The Website of Dr. Joseph P. Farrell


What to do with all those asteroids after we get done shooting at them with Japanese space cannon, hauling them to lunar orbit and mining them at our newly established corporate branches on the newly subdivided properties on the Moon?

According to this idea, the always-clever Russians are proposing that we simply turn them into space ships:

Asteroids should be colonized or used as transport to planets, Russian scientists say

What is intriguing here is something that I hinted about in the blogs a couple of days ago, namely, that while there is a rush in some quarters to privatize and corporatize space along the "Venetian" lines of private corporations like the Dutch East Indies Company, there will be inevitable pushback from nations with different space agendas... or at least, seemingly different agendas.

Now, by way of historical background, the Russians have been down this "celestial-body-as-spaceship" road before. In the 1960s, Soviet scientists proposed that our Moon was one gigantic spaceship, that it had indeed been "hollowed out" and used as a spaceship and - quite literally - steered here and parked in its strange orbit around the Earth (and if you don't believe me, just do a little research on all the bizarre things the Moon does, and then try to reconcile that with the "fission-from-the-Pacific-Ocean" or the "rovering celestial object captured by Earth's gravity" models). Later on, as I recounted in my most recent book Covert Wars and the Clash of Civilizations, a Russian astronomer, Shklovski, proposed that the Martian Moons Phobos and Deimos might be hollowed out asteroids and thus "spaceships" of a sort. Indeed, it was Richard C. Hoagland who first drew attention to Shlovski's book in connection with the equally bizarre findings of the European Space Agency when it took radar tomographs of Phobos.

Thus the idea is not new for the Russians.

So why bring it up again now, in an article full of references to asteroid mining? There seem to be two basic possibilities here: (1) a new space race or (2) the Russians are telling us "the other part of the story." And I suspect the latter may be true, but let's deal with the first a bit.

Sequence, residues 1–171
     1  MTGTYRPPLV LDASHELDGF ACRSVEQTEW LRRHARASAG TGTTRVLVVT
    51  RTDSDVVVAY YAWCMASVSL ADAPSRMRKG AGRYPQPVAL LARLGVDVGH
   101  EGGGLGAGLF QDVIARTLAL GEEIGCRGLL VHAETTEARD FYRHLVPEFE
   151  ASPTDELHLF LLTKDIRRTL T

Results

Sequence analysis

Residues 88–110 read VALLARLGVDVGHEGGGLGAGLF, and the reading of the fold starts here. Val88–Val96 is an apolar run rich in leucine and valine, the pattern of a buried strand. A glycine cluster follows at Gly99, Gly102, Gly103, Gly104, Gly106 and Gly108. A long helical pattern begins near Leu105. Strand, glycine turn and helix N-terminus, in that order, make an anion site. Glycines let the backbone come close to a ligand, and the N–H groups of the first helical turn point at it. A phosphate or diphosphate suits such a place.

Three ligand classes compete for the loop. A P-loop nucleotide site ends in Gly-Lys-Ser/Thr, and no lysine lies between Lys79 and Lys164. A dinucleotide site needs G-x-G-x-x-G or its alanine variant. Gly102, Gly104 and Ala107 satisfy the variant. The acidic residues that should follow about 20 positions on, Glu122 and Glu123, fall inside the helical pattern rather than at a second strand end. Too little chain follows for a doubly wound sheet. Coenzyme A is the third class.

The article, you'll have noted, places the "colonize the asteroids" in a careful juxtaposition with "asteroid mining," the current space meme being promoted in the West chiefly by NASA, along the space collateralization and privatization model we've been examining here on this site from time to time.  It would be "easier" the article assures us to colonize asteroids rather than mine them.  Thus we are given the outlines of a new "competition" between Russia and the West over the future direction of human activity in space.

But I suspect that the stronger case can be made for (2), that the Russian's, in typical dialectical fashion, are telling us "the rest of the story." In this respect, we need to recall that there are, in spite of all public differences between the USA and Russia, quiet talks concerning the joint construction of a planetary "asteroid defense" system, a system that perforce would require close coopoeration and coordination between the planet's two major space powers.  In this dialectical theater, the Russians could equally be preparing the ground for the synthesis already being prepared by the apparent debate between the "mining future"(thesis), and the "colonizing" future (antithesis). The "synthesis" being simply that mining is a convenient way to hollow out an asteroid, and once whatever minerals are extracted, then, not wishing to allow anything to go to waste, they could be turned into habitats or even, as the Russians are arguing, spaceships.  There would be asteroid mining companies. There would asteroid reclamation companies, making asteroids the perfect new luxury condos, or, for the Amerikan side of the equation, the perfect new private prison colonies.

In short, there is more going on in this article than mere apparent opposition to NASA schemes for privatization. In fact, it is noteworthy that the article does not strongly challenge the notion of space collateralization or privatization per se, but merely the "mining" version of the asteroid future. In short, by talking about colonization, the Russians are serving clear notice that they intend to be involved as major players in the future of the human presence in outer space, corporatized or otherwise.

See you on the flip side.

Joseph P. Farrell has a doctorate in patristics from the University of Oxford, and pursues research in physics, alternative history and science, and "strange stuff". His book The Giza DeathStar, for which the Giza Community is named, was published in the spring of 2002, and was his first venture into "alternative history and science".

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